August 10, 2012

Review : Retribution by Sherrilyn Kenyon

Title : Retribution
Author : Sherrilyn Kenyon
Reading Dates : 15 Jun - 17 Jun 2012
Total Pages : 416

Dark-Hunter, Were-Hunter, Dream-Hunter, Hellchaser series
From Amazon :
Hired gunslinger William Jessup Brady lived his life with one foot in the grave - until the day he finally found a reason to live. In one single act of brutal betrayal, he lost everything, including his life. Brought back by a Greek goddess to be one of her Dark-Hunters, he gave his immortal soul for vengeance and swore he'd spend eternity protecting the humans he'd once considered prey. Orphaned as a toddler, Abigail Yager was taken in by a family of vampires and raised with one belief: Dark-Hunters are the evil who prey on both their people and mankind, and they must all be destroyed. Brought together by an angry god and chased by ancient enemies out to kill them both, William and Abigail must find a way to overcome their mutual hatred or watch as one of the darkest of powers rises and kills both the races they've sworn to protect.

Book Review of Retribution.

It is a bad sign when I think the best part of a book is the bonus scene at the end. And one which has no relevance to the story being told at all.

Retribution was a poorly executed recycling of past plots in the Dark-Hunter series. Like some of the characters in the story, it appears I’ve been through one apocalypse too many. No wondering at the lack of panic shown by the powers that be, be they of the supernatural or ordinary kind. Really why bother sending in the cavalry for a couple of plagues. Why none of the characters thinks to look up one of their many omnipotent allies to stop the end of the world is beyond me. Surely, they can’t all be expectant fathers, can they ? And forgiveness being divine and all that, why should the heroine be punished much less chastised for causing the death of untold hundreds right ? “Oops, I killed the wrong people. And now I’m causing hundreds of innocents to die. I’m really sorry”. “Don’t worry about it. We all make mistakes. The important thing is to move on.” Maybe I’ being vindictive here, but there are some things which should not be so easily forgiven. What do you think ? Am I being too harsh or are the justifications given too simplified ?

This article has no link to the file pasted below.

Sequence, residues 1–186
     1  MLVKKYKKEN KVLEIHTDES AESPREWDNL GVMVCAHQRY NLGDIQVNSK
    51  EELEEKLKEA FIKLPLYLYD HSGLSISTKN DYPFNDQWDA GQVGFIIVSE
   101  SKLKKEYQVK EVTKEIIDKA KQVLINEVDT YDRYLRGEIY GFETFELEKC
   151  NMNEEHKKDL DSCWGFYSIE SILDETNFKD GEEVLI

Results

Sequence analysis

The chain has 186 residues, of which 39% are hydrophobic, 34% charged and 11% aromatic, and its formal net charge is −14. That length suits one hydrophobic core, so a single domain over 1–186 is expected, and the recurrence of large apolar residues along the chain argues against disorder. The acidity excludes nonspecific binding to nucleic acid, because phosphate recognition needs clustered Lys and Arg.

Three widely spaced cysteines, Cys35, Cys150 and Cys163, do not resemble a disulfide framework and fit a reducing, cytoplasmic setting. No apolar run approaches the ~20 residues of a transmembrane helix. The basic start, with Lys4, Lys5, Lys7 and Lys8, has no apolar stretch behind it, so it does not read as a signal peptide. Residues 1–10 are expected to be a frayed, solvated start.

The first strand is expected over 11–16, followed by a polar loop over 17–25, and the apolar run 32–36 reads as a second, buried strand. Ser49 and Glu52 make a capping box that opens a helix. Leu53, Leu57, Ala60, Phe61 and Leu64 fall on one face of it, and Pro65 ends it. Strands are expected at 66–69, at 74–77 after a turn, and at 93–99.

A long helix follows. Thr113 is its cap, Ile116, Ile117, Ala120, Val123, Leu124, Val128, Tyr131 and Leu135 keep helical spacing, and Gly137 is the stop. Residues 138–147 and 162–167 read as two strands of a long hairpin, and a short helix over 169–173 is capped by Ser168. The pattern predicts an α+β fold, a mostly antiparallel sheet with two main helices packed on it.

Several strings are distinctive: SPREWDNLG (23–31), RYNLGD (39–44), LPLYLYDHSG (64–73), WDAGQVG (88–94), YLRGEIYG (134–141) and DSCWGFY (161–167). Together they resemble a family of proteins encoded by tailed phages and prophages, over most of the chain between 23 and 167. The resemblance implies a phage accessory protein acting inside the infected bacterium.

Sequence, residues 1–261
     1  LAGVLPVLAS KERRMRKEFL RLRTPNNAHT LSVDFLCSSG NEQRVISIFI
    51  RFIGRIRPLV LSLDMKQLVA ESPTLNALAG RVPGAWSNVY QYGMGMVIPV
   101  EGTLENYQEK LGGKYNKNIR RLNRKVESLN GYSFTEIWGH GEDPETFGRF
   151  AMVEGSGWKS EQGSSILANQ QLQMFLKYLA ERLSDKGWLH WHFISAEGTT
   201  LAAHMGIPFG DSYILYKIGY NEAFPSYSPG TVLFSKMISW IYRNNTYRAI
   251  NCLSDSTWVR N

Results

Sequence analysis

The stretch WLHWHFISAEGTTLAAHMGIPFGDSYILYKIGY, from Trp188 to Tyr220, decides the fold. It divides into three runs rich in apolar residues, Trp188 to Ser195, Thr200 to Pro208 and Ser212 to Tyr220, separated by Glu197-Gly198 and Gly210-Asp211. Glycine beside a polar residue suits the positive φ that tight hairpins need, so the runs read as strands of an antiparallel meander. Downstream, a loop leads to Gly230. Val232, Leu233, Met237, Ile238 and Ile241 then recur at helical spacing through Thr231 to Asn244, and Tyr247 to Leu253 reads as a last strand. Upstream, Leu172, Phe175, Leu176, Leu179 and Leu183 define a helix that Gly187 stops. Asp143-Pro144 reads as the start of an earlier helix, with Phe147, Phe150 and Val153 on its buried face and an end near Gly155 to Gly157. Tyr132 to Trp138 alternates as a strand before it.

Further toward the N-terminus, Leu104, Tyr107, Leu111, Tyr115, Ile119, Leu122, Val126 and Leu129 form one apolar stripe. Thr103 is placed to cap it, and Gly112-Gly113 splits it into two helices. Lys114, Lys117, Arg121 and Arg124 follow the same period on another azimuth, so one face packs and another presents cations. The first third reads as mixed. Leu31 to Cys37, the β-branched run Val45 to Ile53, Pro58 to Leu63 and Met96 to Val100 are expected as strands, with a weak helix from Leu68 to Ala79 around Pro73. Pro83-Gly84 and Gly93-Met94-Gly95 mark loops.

But I digress. The plot and the characters are poor imitations of the earlier books in the series. I kept wondering where have I read that before every time the main protagonists start to describe their thoughts on each other. Even the relationship between Sundown and his squire felt like it was copied from a standard protocol of how a Dark-Hunter and his squire’s relationship should be. The jokes made by the main characters felt tired and used. The only laughs came from Sasha who barely played a part here.

As a fan of the Dark-Hunter series who has invested a lot of time and money, I can only say what I’m feeling right now is despair. I definitely need a break from the series or to revisit my favourite books in the series. Just to remind me of the reasons I fell in love with the Dark-Hunter series in the first place.

My conclusions :

  • Would I re-read the book ? Not for a very, very long time.
  • Would I want to read the next book in the series ? I'm not sure. I don't want to give up on the series yes, but this book makes me want to just toss it.
  • Would I want to own my personal copy if I didn’t already own it ? Only because its part of the series.
  • Who would I recommend this too? Not really.
  • For those looking to read the book, would I recommend buying or borrowing the book? Borrow it.

Review : A Confusion of Princes by Garth Nix

Title : A Confusion of Princes
Author : Garth Nix
Reading Dates : 10 Jun - 15 Jun 2012
Total Pages : 337

From Amazon :